6.2/10
4,993
49 user 34 critic

One Point O (2004)

After receiving mysterious empty packages inside his apartment, a young computer-programmer begins a personal investigation into their origins.
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6 wins & 6 nominations. See more awards »
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Cast

Complete credited cast:
Richard Rees ...
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Trish (as Deborah Unger)
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Tall Man
Ana Maria Popa ...
Alice
Matt Devlen ...
Cashier (as Matthew Devlen)
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Landlord
Constantin Cotimanis ...
Detective Polanski
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Detective Harris
Michelle Villa ...
911 Operator / Answereing machine / Laughing (voice)
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Storyline

After receiving mysterious empty packages inside his apartment, a young computer-programmer (named Simon) begins a personal investigation into their origins. This leads him to discover his odd and eccentric neighbors; an artificially intelligent robot-head, named Adam; a virtual-reality sex game; and a possible corporate conspiracy. As the story progresses, Simon's grip on reality becomes more and more tenuous, while his craving for Nature Fresh milk becomes almost unbearable. Is it all just in his mind, or is something more sinister happening here? Written by DSC_182

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Taglines:

Are you infected?


Motion Picture Rating (MPAA)

Rated R for language, sexual content and violent images | See all certifications »

Parents Guide:

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Details

Country:

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Language:

Release Date:

21 January 2005 (Iceland)  »

Also Known As:

1.0  »

Filming Locations:

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Company Credits

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Technical Specs

Runtime:

Sound Mix:

Color:

Aspect Ratio:

1.85 : 1
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Did You Know?

Trivia

During Simon's programming, code quickly flashes. The scrolling code is a Perl script that virus scans HTTP/FTP downloads request on a UNIX server after passing through the Squid proxy server. This is a real project named "Viralator". See more »

Quotes

[first lines]
Hiep Pham: Simon, we're still waiting for your code. Everyone else has finished. May I remind you that your completion date is non-negotiable? I repeat, non-negotiable.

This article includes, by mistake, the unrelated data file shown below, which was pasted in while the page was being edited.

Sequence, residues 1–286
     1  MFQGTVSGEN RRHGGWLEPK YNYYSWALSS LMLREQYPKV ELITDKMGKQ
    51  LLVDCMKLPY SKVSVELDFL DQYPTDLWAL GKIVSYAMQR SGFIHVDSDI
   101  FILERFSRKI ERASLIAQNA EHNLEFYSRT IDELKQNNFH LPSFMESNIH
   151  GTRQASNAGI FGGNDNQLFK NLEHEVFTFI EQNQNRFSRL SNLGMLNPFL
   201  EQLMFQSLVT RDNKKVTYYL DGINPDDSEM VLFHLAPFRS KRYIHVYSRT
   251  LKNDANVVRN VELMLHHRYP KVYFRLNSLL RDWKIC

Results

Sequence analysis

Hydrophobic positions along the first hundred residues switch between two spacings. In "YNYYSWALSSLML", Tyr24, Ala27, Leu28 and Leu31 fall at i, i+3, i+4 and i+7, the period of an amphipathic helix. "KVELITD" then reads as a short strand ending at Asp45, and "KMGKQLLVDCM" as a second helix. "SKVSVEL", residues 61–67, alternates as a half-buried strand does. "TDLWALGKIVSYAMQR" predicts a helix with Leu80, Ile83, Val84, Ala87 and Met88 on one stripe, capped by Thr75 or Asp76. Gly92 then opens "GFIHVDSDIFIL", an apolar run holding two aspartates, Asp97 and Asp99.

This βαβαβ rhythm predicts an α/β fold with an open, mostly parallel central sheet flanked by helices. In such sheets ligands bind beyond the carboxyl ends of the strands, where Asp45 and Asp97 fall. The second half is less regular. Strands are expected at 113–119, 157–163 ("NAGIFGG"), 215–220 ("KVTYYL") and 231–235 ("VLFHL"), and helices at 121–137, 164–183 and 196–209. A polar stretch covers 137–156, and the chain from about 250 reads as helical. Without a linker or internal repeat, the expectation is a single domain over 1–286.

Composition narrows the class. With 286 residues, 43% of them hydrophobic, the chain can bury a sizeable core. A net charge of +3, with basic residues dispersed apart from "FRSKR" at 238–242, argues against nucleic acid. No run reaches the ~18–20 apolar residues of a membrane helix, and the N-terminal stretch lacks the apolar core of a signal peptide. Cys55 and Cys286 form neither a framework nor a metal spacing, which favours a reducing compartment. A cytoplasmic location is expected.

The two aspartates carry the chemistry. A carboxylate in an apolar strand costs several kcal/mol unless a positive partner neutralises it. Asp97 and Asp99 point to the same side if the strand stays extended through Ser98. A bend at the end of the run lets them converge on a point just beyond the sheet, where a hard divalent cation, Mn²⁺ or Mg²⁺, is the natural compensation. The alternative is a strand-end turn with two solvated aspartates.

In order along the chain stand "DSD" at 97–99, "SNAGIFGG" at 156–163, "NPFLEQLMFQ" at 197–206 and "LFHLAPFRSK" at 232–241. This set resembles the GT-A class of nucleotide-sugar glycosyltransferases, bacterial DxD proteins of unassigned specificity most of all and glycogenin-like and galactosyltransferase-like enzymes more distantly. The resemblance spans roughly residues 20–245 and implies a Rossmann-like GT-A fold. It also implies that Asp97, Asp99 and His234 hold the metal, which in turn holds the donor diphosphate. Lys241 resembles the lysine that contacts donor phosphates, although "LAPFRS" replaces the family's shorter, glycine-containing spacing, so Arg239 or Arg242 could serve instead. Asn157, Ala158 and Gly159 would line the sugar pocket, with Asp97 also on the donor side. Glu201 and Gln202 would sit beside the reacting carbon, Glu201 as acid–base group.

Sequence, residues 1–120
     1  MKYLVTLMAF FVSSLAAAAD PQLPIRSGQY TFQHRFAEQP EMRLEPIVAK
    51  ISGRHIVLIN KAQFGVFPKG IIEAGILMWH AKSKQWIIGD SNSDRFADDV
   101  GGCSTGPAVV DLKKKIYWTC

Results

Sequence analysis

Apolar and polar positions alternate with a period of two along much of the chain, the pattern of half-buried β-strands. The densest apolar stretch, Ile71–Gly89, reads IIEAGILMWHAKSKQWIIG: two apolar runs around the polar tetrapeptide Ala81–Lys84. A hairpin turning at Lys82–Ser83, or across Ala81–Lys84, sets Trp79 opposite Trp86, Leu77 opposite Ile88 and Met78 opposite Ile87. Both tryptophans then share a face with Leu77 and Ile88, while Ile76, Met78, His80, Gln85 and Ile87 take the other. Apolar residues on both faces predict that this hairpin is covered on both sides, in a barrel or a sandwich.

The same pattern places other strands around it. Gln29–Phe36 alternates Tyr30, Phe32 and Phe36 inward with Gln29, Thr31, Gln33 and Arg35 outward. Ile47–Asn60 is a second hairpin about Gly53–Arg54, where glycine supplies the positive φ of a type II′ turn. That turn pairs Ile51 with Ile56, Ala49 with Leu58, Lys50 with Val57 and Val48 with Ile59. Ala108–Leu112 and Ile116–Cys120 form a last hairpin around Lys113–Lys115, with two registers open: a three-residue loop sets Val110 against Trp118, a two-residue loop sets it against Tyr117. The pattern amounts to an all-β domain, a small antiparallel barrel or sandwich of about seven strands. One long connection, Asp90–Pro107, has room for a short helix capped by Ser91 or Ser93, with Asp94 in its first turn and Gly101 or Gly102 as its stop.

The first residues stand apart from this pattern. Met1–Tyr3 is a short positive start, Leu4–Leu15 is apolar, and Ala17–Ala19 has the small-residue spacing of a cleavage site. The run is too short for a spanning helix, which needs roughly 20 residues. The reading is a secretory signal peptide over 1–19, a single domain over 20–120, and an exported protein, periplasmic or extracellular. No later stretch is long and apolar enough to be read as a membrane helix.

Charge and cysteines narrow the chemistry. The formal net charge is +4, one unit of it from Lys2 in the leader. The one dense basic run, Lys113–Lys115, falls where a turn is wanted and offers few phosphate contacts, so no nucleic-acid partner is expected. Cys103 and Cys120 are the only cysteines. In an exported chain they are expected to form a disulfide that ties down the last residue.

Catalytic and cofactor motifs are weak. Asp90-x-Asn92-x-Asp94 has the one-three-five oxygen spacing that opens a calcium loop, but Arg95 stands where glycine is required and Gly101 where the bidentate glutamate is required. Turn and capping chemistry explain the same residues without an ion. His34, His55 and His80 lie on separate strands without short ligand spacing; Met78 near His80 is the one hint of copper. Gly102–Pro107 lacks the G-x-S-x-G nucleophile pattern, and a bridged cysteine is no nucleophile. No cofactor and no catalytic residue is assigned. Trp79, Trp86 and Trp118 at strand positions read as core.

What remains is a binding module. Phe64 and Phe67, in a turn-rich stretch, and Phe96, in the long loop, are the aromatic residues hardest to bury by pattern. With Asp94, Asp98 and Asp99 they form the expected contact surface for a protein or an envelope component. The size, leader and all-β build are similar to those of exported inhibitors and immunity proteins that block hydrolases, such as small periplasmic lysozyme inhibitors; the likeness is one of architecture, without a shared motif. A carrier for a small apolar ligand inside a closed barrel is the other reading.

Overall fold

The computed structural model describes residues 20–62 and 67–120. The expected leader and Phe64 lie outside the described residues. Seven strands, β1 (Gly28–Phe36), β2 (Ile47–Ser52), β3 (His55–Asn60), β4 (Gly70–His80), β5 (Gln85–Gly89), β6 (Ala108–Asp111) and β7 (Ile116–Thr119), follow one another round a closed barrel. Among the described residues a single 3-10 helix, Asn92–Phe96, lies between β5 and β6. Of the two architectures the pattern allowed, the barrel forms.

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Connections

Referenced in The Benchwarmers (2006) See more »

Soundtracks

Glands
Written by Sigtryggur Baldursson and Jóhann Jóhannsson
Performed by DIP
Courtesy of Bad Taste (Reykjavik)
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User Reviews

 
Dada meets Kafka meets Max Headroom
19 February 2005 | by (United States) – See all my reviews

"Paranoia will destroy ya…" wrote the Kinks many years ago. The paranoia in this film…well, you'll have to watch the film yourself to see what happens. Step into a grim, surrealistic world (think Dada does Kafka) where strange, unexplained things are going on. A mysteriously empty box that keeps appearing on the doorstep of Simon (played by Jeremy Sisto, people dying under odd circumstances. Simon's world is dreary, dark, depressing and confusing. It is peopled by others who are as confused and zombie-like as he has become—Trish, the cancer ward nurse (played by Deborah Unger), who uses kinky sex to make herself feel alive after being around so much death, the inventor (played by Udo Keir) of a weird robot head, the peculiar custodian played by Lance Hendricksen. Their souls are being sucked dry by a culture that demands that they perform, conform, consume. The only character with energy in this soulless atmosphere is the Neighbor, a sleazy director of S&M porn games, played by Bruce Payne with his customary intensity and nuance.( Why is he left out of the DVD credits?! His is the most memorable character. I second Brittmatt2005's excellent comments on the message board.).

Though unrelentingly grim, it is worth seeing more than once. This Kafkaesque film is textured, with many levels of meaning woven into the surrealistic package. There are many messages to be extracted---the dangers of amoral corporations out to control and out of control, the deadening effects of a conformist society, questioning of the extreme measures people will go to to feel alive in a dreary world (TV "Reality" shows, anyone?). By the end of the film, the mystery of the box is revealed. It is a trick that is, as Max Headroom once said, only "20 minutes into the future," a science fiction about to turn into science fact. Is this all a metaphor for what is going on now in our culture? See for yourself. This film, unlike the majority of sorry excuses for entertainment out there, will make you think.


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